Our guest today Rebecca Carroll. Rebecca is a writer, cultural critic, and podcaster. She is the author of multiple books including her memoir which came out in February and is titled Surviving the White Gaze. We discuss her life as a Black child adopted into a white family, how she continues to interrogate the white gaze, and her 2020 podcast Come Through with Rebecca Carroll.
There are no spoilers on this episode.
The Stacks Book Club selection for April is The Tradition by Jericho Brown, we will discuss the book with Reginald Dwayne Betts on Wednesday April 7th.
Everything we talk about on today’s episode can be found below in the show notes. You can also find everything we talked about on Amazon.
- Surviving the White Gaze by Rebecca Carroll
- Come Through with Rebecca Carroll (WNYC)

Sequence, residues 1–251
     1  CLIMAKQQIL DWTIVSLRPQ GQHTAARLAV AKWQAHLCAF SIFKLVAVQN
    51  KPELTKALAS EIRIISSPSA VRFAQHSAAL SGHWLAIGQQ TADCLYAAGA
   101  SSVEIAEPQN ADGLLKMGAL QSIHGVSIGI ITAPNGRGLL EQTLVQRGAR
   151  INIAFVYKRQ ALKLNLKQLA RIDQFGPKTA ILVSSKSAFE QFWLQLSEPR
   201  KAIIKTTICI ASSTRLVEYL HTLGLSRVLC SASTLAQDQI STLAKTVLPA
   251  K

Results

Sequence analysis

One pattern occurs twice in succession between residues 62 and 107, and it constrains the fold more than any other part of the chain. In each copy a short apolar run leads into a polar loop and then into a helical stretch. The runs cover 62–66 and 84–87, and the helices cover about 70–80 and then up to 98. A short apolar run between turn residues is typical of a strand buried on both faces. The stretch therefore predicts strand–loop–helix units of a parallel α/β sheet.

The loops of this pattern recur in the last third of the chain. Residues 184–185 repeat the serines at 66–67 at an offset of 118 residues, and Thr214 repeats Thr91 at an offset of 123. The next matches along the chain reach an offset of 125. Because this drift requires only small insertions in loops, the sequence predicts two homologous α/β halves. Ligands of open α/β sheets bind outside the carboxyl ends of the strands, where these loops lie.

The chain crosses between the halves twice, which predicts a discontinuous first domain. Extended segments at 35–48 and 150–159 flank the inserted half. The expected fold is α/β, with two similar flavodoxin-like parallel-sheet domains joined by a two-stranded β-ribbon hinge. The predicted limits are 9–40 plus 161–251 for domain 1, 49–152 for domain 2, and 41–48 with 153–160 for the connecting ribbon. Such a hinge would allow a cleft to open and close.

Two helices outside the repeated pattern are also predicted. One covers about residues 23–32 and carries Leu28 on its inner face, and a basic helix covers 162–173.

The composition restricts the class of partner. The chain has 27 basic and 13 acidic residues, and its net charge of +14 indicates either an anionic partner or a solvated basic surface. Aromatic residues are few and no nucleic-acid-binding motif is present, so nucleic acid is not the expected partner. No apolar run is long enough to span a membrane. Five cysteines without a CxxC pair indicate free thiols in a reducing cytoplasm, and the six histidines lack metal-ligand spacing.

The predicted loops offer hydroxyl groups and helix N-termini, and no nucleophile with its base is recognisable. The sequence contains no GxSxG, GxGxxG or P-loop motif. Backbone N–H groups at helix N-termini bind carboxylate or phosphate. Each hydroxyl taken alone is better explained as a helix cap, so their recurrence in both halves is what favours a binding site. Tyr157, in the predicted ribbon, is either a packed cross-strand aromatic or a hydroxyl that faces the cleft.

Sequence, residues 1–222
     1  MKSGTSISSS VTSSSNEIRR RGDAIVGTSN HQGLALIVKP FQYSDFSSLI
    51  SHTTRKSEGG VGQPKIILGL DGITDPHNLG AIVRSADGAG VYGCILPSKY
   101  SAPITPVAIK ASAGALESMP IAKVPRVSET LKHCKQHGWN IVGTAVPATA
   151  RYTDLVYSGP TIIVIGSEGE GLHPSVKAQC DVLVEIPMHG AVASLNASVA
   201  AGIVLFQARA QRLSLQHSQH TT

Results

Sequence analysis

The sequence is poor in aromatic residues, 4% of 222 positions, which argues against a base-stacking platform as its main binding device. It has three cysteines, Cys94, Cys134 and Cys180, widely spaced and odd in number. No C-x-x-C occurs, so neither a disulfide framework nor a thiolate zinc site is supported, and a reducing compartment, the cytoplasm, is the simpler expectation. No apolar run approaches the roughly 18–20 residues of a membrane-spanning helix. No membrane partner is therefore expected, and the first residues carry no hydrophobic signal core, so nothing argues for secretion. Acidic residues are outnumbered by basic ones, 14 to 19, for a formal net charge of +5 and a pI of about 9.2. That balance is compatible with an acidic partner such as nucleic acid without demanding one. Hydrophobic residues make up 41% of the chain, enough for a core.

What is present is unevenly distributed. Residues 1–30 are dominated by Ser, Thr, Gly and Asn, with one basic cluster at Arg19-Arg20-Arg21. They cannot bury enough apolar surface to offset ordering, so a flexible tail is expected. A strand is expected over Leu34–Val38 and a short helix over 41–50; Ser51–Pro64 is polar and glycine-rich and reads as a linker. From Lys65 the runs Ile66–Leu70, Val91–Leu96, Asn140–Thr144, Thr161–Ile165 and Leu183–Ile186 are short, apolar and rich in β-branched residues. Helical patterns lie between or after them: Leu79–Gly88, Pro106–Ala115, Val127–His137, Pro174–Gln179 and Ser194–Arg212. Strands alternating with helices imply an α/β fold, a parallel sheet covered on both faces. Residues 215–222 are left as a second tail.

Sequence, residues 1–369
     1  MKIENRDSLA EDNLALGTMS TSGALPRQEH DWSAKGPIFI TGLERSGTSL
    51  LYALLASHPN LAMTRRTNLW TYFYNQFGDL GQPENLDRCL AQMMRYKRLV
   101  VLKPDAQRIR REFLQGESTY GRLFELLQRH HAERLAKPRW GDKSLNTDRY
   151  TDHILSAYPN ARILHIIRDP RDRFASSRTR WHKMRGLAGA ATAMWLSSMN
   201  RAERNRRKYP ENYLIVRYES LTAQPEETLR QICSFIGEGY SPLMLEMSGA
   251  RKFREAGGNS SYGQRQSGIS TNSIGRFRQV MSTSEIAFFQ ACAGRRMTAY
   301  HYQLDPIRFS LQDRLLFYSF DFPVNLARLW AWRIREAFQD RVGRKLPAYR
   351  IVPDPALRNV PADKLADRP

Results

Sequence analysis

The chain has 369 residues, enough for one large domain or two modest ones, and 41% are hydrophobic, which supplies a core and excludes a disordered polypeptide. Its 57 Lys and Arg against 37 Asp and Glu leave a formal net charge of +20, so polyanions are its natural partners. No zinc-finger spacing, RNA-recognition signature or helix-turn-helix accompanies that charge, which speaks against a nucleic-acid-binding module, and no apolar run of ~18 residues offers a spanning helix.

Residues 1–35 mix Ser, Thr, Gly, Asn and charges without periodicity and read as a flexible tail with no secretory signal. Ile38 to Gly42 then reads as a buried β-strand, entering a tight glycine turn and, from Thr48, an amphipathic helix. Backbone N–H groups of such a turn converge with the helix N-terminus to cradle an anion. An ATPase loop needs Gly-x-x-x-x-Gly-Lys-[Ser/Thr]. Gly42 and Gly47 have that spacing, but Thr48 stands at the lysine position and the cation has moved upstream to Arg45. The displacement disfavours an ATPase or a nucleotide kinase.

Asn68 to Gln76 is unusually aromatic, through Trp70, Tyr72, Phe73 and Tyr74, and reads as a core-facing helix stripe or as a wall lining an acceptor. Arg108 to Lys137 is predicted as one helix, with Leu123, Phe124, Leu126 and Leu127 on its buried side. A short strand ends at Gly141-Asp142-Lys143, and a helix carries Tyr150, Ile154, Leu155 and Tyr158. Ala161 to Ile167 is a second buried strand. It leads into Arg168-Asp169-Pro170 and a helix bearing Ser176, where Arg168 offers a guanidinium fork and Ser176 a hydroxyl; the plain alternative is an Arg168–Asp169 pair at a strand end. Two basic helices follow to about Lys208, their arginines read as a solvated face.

- Toni Morrison
- The Charlie Rose Show
- Eyes on the prize (PBS)
- Rebecca Carroll at The Guardian
- Hunger by Roxane Gay
- Angela Y. Davis
- Christine Pride
- The Glass Castle by Jeannette Walls
- Educated by Tara Westover
- The Bluest Eye by Toni Morrison
- “Robin DiAngelo Wants to Be a Little Less White” (Come Through with Rebecca Carroll, WNYC)
- “Walter Mosley Believes in Freedom of Speech. Period.” (Come Through with Rebecca Carroll, WNYC)
- “Ira Madison III Keeps It, Kay Oyegun Gives It” (Come Through with Rebecca Carroll, WNYC)
- “‘The Queer World” (with Karamo Brown)” (Keep It, Crooked Media)
- Bird Uncaged by Marlon Peterson
- “Why Did Crown Heights Riot 25 Years Ago? We Asked Those Who Were There” (Raphael Pope-Sussman, Gothamist)
- The Great Gatsby by F. Scott Fitzgerald
- Frank Sinatra
- “Gabrielle Union is Raising Black Daughters and Learning As She Goes” (Come Through with Rebecca Carroll, WNYC)
- Spelling Bee (The New York Times)
- Sula by Toni Morrison
- All You Can Ever Know by Nicole Chung
- “Ep. 46 All You Can Ever Know by Nicole Chung — The Stacks Book Club (Vanessa McGrady)” (The Stacks)
- “The Short Stacks 6: Nicole Chung//All You Can Ever Know” (The Stacks)
- “Meaning, Without the White Gaze” (Rebecca Carroll, The Atlantic)
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